When An Apple A Day Isn’t Enough

(Originally posted January 19, 2011 on blogspot.)

We, the uninsured, are tired of being judged. Let me just put that right out there. We know protecting our health is important. We know we need to take care of things “just in case.” I mean, my book starts with getting health insurance. It’s important. We get it. We like peace of mind as much as the next guy.

We’re also tired of not being covered when we have medical expenses. We enjoy being healthy and going to the doctor.

And we are looking forward to Obamacare and whatever benefits it may bring.

But RIGHT NOW, for ALL DIFFERENT REALLY GOOD REASONS, we are not insured.

Someday we’ll have healthcare. In the meantime, I have a possible solution. And I’m not even being snarky. It’s a real-live, honest-to-goodness solution, and I meant to share it last time I went, and I forgot. My apologies.

Uninsured friends- do you know about the Ryan-Chelsea Clinton Clinic? It might be literally saving my life today.

I found out about the Ryan Clinic a few months ago from a friend. I have thyroid disease. This MUST be treated. My prescription was running out. I didn’t know what to do. A friend of said friend had mentioned the clinic to her before, but it seemed too good to be true. But it’s not. It’s a real place.

I registered in May and got an appointment for a few days later. I was seen right on time. The doctor was really kind. And then I went around the corner and filled my prescription. For $7. My cost for the visit was $125. This is only because I am “out of borough.” Manhattan residents pay based on a sliding scale. The guy next to me today had a co-pay of $3.

But it’s my experience today that I most want to share.

I realized about a week ago that I was running out of my medication, and I knew I didn’t have any refills. I’m headed to Ohio tomorrow, so I called to get an appointment at the clinic. No such luck- the next available appointment was on January 27. I explained to the nice lady on the phone (she really was a nice lady) that I would be in the hospital by then. She suggested I try a walk-in. OK then. Sounds like a plan.

I sent my friend Lindsay a text asking her to watch Lily today so I could go. (Lindsay has saved me in many, MANY of these situations. She is Lily’s regular babysitter, but is also a friend and will lend a hand when needed. So publicly- thanks for that.) Off I went on the Metro-North. I arrived at the clinic around 11:00 and was told at the check-in desk that all of the walk-ins were gone for the day.

Naturally, I started to cry.

“Is it an emergency?” The guys asked.

“It is, actually,” I answered quite truthfully. My thyroid condition is well-managed and totally under control. But left untreated… well, no one wants that.

“It’s OK. Just sign in and talk to the nurse,” he said, smiling. Seriously. Smiling.

So I sat down, and I waited. I waited maybe- MAYBE- twenty minutes before a nurse called my name, took me into a room, asked me why I was there, and immediately closed the door when I started crying. (there’s a lot of crying in this story.)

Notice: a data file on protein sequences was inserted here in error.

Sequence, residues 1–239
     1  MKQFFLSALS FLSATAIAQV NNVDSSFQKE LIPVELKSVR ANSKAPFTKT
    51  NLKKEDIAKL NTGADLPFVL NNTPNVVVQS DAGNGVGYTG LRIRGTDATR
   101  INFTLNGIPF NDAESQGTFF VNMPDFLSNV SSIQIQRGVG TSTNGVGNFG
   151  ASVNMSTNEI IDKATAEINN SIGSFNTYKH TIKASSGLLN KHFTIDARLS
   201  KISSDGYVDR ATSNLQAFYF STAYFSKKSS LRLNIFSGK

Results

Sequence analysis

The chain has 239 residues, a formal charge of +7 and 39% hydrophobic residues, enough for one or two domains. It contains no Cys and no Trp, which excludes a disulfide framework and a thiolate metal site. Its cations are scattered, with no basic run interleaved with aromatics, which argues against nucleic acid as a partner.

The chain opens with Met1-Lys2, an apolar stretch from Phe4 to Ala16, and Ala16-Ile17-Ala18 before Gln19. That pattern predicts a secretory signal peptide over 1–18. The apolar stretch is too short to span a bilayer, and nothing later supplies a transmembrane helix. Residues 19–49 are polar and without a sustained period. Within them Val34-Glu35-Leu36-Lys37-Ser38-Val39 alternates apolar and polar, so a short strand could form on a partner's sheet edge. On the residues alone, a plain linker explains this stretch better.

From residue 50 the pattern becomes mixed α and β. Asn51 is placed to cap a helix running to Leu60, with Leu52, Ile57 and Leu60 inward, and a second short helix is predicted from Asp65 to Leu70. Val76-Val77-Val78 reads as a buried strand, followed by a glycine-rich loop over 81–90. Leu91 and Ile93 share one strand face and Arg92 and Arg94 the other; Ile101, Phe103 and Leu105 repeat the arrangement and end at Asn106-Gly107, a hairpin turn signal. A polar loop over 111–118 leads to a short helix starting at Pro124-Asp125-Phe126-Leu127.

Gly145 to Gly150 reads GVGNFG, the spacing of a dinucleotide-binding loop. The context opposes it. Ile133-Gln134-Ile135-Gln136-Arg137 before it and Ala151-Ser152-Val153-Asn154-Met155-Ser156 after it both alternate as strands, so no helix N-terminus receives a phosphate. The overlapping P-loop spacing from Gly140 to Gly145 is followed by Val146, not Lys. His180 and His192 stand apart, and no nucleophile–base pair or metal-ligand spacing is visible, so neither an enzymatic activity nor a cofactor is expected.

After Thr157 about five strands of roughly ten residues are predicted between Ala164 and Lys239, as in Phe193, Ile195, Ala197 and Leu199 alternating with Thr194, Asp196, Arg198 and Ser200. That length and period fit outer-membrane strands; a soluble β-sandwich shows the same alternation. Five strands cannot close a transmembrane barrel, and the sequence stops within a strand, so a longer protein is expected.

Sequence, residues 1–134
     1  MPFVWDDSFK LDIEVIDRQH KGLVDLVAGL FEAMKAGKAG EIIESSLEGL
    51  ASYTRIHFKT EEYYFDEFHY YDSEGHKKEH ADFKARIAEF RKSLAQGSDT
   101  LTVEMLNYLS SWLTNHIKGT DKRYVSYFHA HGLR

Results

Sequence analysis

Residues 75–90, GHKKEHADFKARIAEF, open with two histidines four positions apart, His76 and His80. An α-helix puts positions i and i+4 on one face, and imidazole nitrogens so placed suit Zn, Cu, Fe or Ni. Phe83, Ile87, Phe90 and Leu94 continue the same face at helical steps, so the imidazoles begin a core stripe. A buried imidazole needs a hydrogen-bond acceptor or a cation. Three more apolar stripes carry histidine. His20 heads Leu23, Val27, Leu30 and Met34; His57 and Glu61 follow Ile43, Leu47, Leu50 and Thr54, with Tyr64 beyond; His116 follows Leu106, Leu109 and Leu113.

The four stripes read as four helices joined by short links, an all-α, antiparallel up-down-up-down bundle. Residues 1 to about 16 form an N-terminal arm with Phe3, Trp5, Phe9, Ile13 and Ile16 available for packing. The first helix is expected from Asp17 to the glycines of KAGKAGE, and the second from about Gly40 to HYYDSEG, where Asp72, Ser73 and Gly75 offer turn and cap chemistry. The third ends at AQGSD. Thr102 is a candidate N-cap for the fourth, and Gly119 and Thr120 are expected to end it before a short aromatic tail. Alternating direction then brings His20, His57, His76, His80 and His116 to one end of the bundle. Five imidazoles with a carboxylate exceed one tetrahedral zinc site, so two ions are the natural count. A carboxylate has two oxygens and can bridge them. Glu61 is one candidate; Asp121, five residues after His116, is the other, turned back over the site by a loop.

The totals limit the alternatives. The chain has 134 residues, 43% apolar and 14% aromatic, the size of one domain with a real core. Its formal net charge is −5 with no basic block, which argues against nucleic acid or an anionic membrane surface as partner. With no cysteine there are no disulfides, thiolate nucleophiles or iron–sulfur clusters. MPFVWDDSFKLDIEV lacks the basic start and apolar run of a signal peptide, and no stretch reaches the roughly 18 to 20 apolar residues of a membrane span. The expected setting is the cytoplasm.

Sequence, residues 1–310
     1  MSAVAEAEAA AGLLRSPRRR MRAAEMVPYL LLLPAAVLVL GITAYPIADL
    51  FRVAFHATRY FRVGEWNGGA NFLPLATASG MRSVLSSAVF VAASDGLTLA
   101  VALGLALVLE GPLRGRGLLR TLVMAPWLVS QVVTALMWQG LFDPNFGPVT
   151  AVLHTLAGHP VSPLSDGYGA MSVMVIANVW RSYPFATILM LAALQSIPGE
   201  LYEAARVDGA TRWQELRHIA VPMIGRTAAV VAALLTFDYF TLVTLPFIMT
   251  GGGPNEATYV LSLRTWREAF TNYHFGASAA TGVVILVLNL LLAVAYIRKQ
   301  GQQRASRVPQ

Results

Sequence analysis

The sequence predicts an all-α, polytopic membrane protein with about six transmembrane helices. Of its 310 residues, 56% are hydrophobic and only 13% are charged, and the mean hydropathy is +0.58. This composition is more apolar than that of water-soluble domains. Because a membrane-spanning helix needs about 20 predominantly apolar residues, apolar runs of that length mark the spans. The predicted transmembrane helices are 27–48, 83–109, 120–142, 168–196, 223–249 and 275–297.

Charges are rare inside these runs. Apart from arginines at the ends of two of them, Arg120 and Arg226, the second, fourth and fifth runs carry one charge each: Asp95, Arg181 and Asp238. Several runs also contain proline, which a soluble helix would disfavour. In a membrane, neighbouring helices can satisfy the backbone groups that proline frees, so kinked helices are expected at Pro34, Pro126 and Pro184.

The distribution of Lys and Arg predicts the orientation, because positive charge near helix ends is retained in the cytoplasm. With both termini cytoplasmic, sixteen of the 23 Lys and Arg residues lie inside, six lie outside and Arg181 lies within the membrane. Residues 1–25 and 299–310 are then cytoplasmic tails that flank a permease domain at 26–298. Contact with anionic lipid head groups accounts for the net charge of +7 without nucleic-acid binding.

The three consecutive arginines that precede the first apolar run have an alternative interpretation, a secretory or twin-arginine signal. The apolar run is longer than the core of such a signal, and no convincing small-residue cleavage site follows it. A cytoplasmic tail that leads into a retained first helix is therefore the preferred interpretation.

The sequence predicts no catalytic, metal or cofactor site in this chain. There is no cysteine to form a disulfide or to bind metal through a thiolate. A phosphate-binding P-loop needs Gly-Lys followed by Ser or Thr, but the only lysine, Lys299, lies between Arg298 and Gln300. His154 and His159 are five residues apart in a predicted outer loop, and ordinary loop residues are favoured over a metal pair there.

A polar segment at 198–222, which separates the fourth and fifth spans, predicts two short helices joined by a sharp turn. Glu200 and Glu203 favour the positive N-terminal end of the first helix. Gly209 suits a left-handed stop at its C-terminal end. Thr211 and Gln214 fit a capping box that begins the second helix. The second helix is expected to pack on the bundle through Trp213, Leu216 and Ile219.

I told her I tried to make an appointment. I knew I should have an appointment. And I couldn’t get there any earlier because I needed to have a babysitter, and I just really really needed my medication and-

A few clicks on the computer and a short phone call later and she had an appointment for me with a doctor who was ahead of schedule for the day. No judgment. She just… fixed it.

I was sitting in front of that doctor about fifteen minutes later.

“So, what brings you in today?”

“Well, first of all, I really need my thyroid medication refilled.”

“OK. I can do that.” Clicking on the computer, pulling up my chart…. And then… “And second? You said ‘first of all.’ So what else?”

Oh, look. I’m crying again.

I told her that I’d struggled with depression for a long time. That I’ve been off of medication for about a year and I’m realizing that’s probably not a great long-term plan. That I was in therapy forever, I have the skills, I get it, but only if my chemicals are balanced. Which… they are not, currently.

Very, very calmly, she started to ask me some questions. About my life, whether I have anxiety, that kind of thing. I told her I hadn’t had anxiety before, but that I started to have it pretty badly when I went from being a college professor to staying home with my daughter.

“Ah. So you lost your job.”

“No. It was a choice.”

“Oh!” she smiled. Because this is a legitimate choice, and she understands that. “And do you have a partner?”

“Yes, my husband.”

“And you can’t get health insurance through his job?”

“No. We can’t.”

“He’s an artist?”

“Ha! Yes! Yes he is! We both are!” And the thing is, she wasn’t saying it in an “oh, I see, you guys are dead-beat parents who don’t know how to take care of things” kind of way. (yes, we’ve gotten this attitude.) It was only “oh, I see. You guys are legitimately in a field which often does not provide health insurance.”

And THAT makes all the difference.

I left the clinic with two prescriptions ($27), two future appointments, and a renewed sense of hope. Please, check it out my friends. It’s open to anyone (I don’t even live in the State of NY, let alone the city…) and it’s a really solid option for us until we get this figured out. Or the government does. Either way. Stay healthy out there.

1 Comment (+add yours?)

  1. Trackback: Thirsty Thursday: Health Care | Thoroughly Modern Mommy

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